Cookbook:Pork Gyoza

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Pork Gyoza
CategoryAppetizer recipes
Servings5 or more
TimePrep: 1 hour
Cooking: 15–30 minutes

Cookbook | Recipes | Ingredients | Equipment | Techniques | Cookbook Disambiguation Pages | Recipes | East Asian Cuisines | Japanese Cuisine | Chinese Cuisine

Gyoza are the Japanese variation of Chinese potsticker dumplings (guotie). They consist of a thin flour dumpling skin that is filled, pleated, and pan-fried. The contrast between filling and crispy exterior is a very pleasing sensation and, like many dishes, it can be melded to incorporate almost any flavour.


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Dipping Sauces

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  1. Combine the pork, mustard, soy sauce, and vegetables with clean hands.
  2. Get out your dumpling skins, and cover them with a damp tea-towel or paper towel to prevent them from drying out.
  3. Place about ½–1 tsp filling in the center of each dumpling wrapper.
  4. Dampen the edge of half the dumpling wrapper. Fold the wrapper in half, enclosing the filling, so the wet and dry edges meet. Crimp the edges to ensure a tight seal.
  5. Either proceed directly to the cooking stage, or freeze the dumplings and store frozen for up to six months.


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  1. Heat a heavy frying pan (not non-stick) over medium to medium-high heat.
  2. Brush the pan lightly with vegetable oil. Add 8–10 dumplings, making sure not to crowd the pan.
  3. Let these dumplings cook without touching them for at least 2 minutes. They will sizzle and pop, but do not touch them until they have stuck to the pan (usually about 2 minutes).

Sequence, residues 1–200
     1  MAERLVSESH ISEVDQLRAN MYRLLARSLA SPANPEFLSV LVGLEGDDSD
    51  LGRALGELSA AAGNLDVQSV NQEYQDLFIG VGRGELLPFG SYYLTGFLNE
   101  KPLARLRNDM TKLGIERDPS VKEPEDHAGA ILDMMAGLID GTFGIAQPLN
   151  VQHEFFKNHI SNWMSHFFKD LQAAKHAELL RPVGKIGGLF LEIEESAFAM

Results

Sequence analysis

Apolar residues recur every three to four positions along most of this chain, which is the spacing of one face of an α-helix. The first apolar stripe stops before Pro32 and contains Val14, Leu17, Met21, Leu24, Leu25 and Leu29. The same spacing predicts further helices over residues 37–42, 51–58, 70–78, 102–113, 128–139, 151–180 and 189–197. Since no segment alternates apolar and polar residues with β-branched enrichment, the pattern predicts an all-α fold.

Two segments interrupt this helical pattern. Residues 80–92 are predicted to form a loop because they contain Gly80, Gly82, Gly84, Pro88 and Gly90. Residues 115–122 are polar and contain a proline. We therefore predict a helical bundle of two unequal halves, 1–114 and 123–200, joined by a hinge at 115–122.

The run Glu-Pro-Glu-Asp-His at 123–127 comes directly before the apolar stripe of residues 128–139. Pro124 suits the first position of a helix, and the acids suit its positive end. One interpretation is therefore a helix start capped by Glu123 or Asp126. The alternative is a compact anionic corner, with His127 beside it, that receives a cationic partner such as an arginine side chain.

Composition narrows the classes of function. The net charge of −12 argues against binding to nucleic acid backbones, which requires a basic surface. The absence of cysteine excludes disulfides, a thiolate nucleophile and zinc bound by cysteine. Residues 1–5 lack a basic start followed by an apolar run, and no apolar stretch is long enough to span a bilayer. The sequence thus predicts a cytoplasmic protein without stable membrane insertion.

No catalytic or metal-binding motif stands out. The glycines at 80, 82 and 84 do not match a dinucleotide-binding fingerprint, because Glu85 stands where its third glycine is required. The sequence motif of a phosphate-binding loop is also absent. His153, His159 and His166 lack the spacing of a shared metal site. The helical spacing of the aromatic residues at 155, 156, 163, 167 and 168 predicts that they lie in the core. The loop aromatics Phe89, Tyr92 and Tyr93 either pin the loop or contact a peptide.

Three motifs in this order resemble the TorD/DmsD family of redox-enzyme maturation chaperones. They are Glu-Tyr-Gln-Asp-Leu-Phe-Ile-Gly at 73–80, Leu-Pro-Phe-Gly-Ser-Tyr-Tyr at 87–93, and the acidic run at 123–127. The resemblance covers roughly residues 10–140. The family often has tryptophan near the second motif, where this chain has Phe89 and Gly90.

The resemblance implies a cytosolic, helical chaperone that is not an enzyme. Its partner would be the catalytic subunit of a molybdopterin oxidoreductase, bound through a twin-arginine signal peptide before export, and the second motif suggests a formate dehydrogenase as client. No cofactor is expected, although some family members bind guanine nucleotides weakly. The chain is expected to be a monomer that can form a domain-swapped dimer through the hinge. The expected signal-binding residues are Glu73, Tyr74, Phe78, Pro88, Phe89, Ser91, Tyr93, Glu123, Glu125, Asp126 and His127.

4. When they have browned on the bottom (watch the edges near where the dumpling touches the pan) check for sticking.
  5. When the dumplings have stuck to the pan, pour about ⅓ cup of stock, broth, or water into the pan to a depth of about ⅛–¼ inch. Cover with a tight lid.
  6. Cook until all the liquid has been converted to steam (about 2 minutes). This is one of the more difficult parts of this process. You may have to adjust the amount of liquid used based on the liquid and your pan)
  7. Carefully remove the dumplings from the pan. Serve while hot with dipping sauces.

Notes, tips, and variations

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  • The primary difference between packaged gyôza skins and packaged wonton skins is shape—round for gyôza skins, square for wonton skins. Whichever one you use is a matter of preference. If both are available, try both and decide which you prefer. You can also make these skins yourself, but it is a time-consuming process and the dough has to be rolled quite thin.
  • You can vary the filling ingredients to suit your taste. Pork plays well with others. Keep in mind that a filling that is too wet may expand too much during cooking and cause the dumpling to split open, while a filling that is too dry will become drier during cooking. Any filling should easily maintain its shape if moulded into smaller balls.